Friday, September 05, 2008

A Beginner's Guide to Felting by Gabrielle. It’s been quite a crafty time for me of late. After the sheep shearing we had a pile of wool to deal with and it my job to find things to do with it. I have never learnt to knit; my mother did try several times to teach me but it was evidently not one of my talents. I read all about felt and liked what I read. Felt is easy to produce, probably one of the oldest crafts, and produces a material that is warm, waterproof, flame proof and extremely hardwearing.

I set to with the holy trinity of distance learning: books, friends and Google to discover what I needed to know. I first washed the wool in a mixture of soda crystals, soap flakes and warm water, taking care not to agitate it too much (which would start the felting process a stage too soon) and using, to excellent effect, a plasterer’s trough and a wire shopping basket from Tesco’s (liberated from its mundane supermarket existence to a new life in the country) in order to lift and lower the wool in and out of the very hot soapy water. Once the wool was washed, rinsed and completely dried (this in itself takes several days) I carded it using my lovely new drum carder that was a Christmas present from Stuart. The wool was now like candyfloss, lying in large rolls, called rolags (see photo at top with the finished article. The correct term is apparently a "batt", thanks Emma, for your comment, below) on the kitchen table and was ready for felting.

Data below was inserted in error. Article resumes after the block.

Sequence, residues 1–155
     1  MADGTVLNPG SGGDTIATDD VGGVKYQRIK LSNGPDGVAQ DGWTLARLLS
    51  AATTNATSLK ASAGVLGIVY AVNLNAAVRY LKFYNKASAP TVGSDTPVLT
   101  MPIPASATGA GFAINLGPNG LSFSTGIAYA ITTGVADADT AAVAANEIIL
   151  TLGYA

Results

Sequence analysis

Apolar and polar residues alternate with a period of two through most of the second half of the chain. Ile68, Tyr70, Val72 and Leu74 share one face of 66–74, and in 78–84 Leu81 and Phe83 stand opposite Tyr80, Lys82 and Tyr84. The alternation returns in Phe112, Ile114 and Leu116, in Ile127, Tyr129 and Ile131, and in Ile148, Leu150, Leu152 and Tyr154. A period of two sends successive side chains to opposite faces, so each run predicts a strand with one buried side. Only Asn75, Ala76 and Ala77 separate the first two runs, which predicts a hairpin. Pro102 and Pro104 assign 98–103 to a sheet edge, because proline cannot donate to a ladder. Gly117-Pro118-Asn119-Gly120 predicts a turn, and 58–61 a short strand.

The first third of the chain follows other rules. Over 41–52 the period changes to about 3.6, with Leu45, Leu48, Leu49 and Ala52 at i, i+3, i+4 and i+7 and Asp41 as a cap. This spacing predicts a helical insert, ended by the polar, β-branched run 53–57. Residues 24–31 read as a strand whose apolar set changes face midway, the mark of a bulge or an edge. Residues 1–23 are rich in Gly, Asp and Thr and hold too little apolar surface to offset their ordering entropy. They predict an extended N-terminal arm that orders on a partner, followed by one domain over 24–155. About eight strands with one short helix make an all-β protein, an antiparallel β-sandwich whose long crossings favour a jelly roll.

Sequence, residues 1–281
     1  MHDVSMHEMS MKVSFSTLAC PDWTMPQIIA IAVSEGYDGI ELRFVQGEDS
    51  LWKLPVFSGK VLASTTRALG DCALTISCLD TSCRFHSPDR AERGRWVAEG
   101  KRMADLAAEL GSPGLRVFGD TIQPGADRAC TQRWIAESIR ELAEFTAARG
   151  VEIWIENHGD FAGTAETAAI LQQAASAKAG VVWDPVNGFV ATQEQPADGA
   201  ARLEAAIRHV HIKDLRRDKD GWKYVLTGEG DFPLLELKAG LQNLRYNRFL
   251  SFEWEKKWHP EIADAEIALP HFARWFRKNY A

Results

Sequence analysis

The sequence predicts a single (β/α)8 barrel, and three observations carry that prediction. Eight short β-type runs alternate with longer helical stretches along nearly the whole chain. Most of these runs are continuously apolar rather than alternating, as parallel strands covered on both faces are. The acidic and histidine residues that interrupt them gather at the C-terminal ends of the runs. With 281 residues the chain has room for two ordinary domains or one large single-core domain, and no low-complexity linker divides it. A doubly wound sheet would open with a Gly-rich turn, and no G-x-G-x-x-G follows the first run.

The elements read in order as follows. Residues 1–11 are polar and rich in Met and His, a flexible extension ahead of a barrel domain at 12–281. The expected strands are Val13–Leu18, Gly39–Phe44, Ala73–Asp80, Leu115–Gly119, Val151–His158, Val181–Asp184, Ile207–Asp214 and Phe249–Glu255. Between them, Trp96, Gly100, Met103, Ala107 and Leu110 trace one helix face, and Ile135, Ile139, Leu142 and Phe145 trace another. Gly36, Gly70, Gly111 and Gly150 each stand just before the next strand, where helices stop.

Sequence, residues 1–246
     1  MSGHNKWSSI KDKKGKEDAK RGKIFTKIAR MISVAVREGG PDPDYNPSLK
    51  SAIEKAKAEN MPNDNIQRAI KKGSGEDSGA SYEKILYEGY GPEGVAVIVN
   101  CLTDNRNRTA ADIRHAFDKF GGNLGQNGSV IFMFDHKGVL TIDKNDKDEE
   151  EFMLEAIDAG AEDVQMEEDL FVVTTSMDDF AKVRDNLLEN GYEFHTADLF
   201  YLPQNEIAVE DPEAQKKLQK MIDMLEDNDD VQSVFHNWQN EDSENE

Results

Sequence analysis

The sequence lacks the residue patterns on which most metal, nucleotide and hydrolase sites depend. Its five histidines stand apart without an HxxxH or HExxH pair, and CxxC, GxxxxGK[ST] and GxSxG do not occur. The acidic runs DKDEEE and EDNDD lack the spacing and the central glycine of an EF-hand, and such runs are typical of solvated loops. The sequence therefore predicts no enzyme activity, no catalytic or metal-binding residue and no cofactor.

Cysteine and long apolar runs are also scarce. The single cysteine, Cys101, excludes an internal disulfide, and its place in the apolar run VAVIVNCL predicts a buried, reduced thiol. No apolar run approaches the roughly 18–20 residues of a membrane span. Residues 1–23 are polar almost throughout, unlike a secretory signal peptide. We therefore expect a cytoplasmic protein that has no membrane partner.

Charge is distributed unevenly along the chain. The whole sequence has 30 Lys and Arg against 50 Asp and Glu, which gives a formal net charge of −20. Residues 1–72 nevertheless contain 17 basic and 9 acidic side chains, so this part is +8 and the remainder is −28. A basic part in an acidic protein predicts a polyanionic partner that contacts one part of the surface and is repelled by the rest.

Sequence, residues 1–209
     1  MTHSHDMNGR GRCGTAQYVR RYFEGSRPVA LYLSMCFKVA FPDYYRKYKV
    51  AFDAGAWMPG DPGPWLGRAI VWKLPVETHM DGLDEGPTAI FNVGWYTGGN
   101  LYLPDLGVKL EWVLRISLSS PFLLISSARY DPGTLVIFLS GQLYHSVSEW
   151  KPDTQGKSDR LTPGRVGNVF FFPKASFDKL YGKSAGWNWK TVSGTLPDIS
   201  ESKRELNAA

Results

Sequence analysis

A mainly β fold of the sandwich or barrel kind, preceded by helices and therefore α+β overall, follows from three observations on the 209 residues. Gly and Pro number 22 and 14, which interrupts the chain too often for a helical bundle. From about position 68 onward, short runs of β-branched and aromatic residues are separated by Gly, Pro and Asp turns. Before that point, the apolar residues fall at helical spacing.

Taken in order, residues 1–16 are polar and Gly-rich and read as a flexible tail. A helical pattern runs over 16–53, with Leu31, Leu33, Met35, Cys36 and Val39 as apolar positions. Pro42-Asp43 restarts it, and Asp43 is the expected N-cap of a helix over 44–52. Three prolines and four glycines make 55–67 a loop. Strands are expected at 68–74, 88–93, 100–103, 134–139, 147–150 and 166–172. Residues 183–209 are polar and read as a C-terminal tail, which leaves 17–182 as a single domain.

I set myself up with an old bamboo blind, a large piece of bubble wrap, soap flakes and a kettle for an ongoing supply of hot water. The basic principles of felting are to lay wool out in fine layers then soak it with hot water and soap then agitate it: rolling it up in a bamboo blind lined with bubble wrap works perfectly.
I have mostly black wool from our Ouessant sheep but also some lovely creamy wool from a Val’s flock, so I was able to add a contrasting motive to my first piece of felt. I was really pleased with the result and may turn it into slippers or simply keep it as one piece for a cushion. Full of confidence after this early success, I’ve since started to experiment with natural dyes: more on that soon.
For further guidance, a useful web article, The Ancient Art of Felt-making by Amanda Hone and a book, Complete Feltmaking by Gillian Harris.